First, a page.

JAMES JORDAN Born 4-20-1833, Charleston, S. Carolina
James Jordan (Parents Unrecorded) was born 4-20-1833 in Charleston, SC. Registered in Oregon Census of 1870 and 1880 repsectively, lists South Carolina as his place of birth. James died 4-1-1897 on the Family Farm, on Monument Drive, Merlin, Or.
1880 Josephine County, Or. Census
Research on James Jordan ancestry; Unfortunately, many of the South Carolina County census records rarely name the children, the majority only indicating if its a girl or boy under the age of 10. Also, many birth records of young men in or around Charleston at the close of the Civil War were intentionally destroyed to keep their names from falling into the hands of Sherman’s approaching Union Army. In November 1863, Jefferson Davis had visited the city and declared it would better the city be reduced to "a heap of ruins" than surrender to the Union Army. The Union bombardment that began in late 1863, continued on and off for 587 days. Charleston finally surrenders only a month and a half before the war head ended.
James Jordan married Mary Louisa Fidler, 2 FEB 1857, in the town of Galice, Oregon. Mary was the daughter of daughter of Dr. George Fidler and Jane Strain. Mary was born 10-4-1840 in Crawfordville, Indiana. Mary died at her son’s home of Edward Jordan, 4-9-1924 in Wolf Creek, Oregon. My father, James Davidson Jordan (named after his grandfather) was born in Wolf Creek in 1920.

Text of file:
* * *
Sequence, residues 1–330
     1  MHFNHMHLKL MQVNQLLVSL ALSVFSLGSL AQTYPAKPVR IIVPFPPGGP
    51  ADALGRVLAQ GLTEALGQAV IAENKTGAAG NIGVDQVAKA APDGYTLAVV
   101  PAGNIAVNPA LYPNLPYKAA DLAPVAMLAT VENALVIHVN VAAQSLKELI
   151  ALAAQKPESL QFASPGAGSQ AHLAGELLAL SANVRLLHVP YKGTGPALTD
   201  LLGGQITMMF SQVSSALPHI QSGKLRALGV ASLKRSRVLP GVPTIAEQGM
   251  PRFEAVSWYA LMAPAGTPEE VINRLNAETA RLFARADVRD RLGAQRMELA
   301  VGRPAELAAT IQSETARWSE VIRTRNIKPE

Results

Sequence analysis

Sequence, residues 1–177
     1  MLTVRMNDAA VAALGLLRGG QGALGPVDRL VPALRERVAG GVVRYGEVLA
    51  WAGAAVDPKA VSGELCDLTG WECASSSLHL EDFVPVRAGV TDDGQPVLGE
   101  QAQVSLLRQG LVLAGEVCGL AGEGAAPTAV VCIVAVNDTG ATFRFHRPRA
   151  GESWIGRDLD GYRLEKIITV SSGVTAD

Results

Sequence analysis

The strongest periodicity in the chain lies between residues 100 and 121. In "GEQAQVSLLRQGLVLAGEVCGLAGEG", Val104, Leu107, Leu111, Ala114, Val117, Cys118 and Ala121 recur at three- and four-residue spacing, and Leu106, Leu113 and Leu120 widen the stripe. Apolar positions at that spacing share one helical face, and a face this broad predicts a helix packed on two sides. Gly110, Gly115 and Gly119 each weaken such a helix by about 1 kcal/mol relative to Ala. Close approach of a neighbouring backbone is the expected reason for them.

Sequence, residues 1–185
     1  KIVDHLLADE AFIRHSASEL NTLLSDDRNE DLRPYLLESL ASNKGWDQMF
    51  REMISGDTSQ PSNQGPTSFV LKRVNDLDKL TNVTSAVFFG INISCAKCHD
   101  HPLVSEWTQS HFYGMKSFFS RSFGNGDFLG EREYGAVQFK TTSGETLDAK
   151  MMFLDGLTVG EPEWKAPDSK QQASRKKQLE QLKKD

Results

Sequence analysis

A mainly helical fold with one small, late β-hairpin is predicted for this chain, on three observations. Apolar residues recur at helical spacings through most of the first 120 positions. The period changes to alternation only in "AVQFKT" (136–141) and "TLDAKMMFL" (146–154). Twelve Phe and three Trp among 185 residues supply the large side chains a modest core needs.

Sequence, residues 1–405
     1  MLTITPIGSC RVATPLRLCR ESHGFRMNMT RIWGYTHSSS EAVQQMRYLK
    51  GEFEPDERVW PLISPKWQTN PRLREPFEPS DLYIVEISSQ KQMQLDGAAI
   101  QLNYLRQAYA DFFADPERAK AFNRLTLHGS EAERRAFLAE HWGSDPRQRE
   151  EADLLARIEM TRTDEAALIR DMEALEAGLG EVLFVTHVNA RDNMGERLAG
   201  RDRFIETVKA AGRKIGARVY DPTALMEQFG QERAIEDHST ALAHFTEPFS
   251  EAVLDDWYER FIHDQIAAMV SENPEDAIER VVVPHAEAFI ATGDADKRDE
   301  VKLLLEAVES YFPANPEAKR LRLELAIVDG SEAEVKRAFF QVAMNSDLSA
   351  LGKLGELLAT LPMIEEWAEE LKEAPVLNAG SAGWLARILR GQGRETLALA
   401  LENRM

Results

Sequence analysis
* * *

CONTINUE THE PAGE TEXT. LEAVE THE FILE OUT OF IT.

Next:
DR. GEORGE FIDLER, b. 1812 New York, practiced medicine in Kentucky until the California Gold Rush brought him out West around 1850. With his California earnings he bought a farm in Oregon, returned to Iowa to bring his family out West in 1853. For the next 20 years George served intermittently as a doctor in central and southern Oregon, but never could shake the Gold Fever. While mining in Nevada he wrote a letter to his son in 1876 noting that he was on the eve of starting an exploration expedition to Africa. From this expedition Dr. Fidler never returned, his fate remains a mystery to this day.
James Jordan Family stories that have been handed down, tell us that when James Jordan was around 10 yrs. old, when he left home, stowed away on a merchant ship. Reason for his leaving we do not know, kidnapped or a runaway, but evidently he was worked as a cabin boy, becoming a sailor over the course of the next 7+ years. There is some speculation that he might have had join the service of the Navy (but there are no records of this) It was during the frenzy of the California Gold Rush that he jumped ship in San Francisco in 1850. There in San Francisco he worked a dray, hauling supplies to and from the docks (a low, heavy cart without sides, used for hauling). Within a year, he heard of the Gold discoveries in southern Oregon, near Jacksonville. However, from what he witnessed in San Francisco, he knew the real fortunes to be made were not from discovering gold but in sustainable income by supplying the fortune seekers with room and board.